Assault and Battery. We're Not Talking About the Freakin' Energizer Bunny Here

Posted By Michael R. Varble || 26-Mar-2014

In today's blog post, I discuss what an assault and battery, the material elements, where these cases arise, and what you as a member of the public need to think about if you have been injured in these circumstances. If you have been injured in a fight, you have the right to seek compensation for your injuries.

So what is an assault and what is a battery ? Well, an assault is defined as the intentional placing of another person in fear of imminent harmful or offensive contact. The defendant must have the real or apparent ability to bring about the harmful or offensive bodily contact. There must be some menacing act or gesture that causes the plaintiff to believe that the harmful or offensive bodily contact is about to occur. Mere words, without some action, are not enough to sustain a claim for assault. Notice that this definition does not include the actual touching of the plaintiff by the defendant.

A battery is defined as the intentional touching of another person without that person's consent that is considered offensive and that causes damages. Intent is a state of mind with which the act is done. The intent that is required for a battery is the intent to cause bodily contact that the other person would find offensive. Often, we attorney plead that an assault and battery is also a negligent act and we ask that the Court submit both issues to the jury.

What am I talking about ? Lets say you were involved in a bar fight - which, by the way, is probably the most common situation giving rise to an assault and battery claim - and, unfortunately, you are injured in the fight. You pick up the phone after finding us on the Internet and come in for a free consultation and retain us to sue the other person in the fight and the bar. There may be dram shop issues involving the bar, and premises liability issues involving the bar which I will discuss in another blog in great detail. In summary, the bar has a responsibility not to serve alcohol to persons that are visibly intoxicated and they also have to provide security for its patrons, particularly if the establishment has prior knowledge of fights occurring in the bar. That being said, you end up in a fight with someone else in the bar and you end up on the losing end of the fight with a broken jaw. I would prepare a summons and complaint that alleges that the other person involved in the fight not only committed an assault and battery against you, I would also claim that that same person negligently committed an assault and battery against you as well.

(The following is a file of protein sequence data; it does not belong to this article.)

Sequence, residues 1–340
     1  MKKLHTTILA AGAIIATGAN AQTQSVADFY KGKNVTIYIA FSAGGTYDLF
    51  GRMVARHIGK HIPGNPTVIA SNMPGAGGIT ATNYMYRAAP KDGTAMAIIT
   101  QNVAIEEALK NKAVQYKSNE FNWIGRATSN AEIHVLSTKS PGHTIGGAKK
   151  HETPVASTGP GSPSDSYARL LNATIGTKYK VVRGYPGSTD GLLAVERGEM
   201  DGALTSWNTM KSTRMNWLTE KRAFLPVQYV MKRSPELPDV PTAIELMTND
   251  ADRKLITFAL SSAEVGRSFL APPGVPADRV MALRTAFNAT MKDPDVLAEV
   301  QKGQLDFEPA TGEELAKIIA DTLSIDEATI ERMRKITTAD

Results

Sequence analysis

Why, you may ask. There are different standards of proof involved in the two separate theories. Intentional torts require you, as a plaintiff, demonstrate that the defendant intended bodily contact that was offensive and that injuries resulted from it. Under the negligence theory, you don't have to prove that the defendant intended to produce the contact so your job - which is actually my job - is easier because you don't have to prove intent. In addition, insurance carriers do not indemnify defendants in cases where there are intentional torts and my job, as your attorney, is to recover compensation for you if you are injured so the negligence theory is you better bet to obtain a recovery.

What should you, as a potential plaintiff, take from all of this ? First, if you are injured in a fight, you should contact us to schedule a free consultation. Second, you need to get the appropriate medical treatment. Third, you can recover for injuries you may have suffered in a fight and we will do everything in our ability to get the compensation you deserve. As always, I hope you don't need to use us for being injured, but I know it is going to happen to people. If it happens to you or someone you love, give us a call at 1.888.900.6204 and schedule a free consultation. Put us to work and we will fight for you.

Categories: Personal Injury

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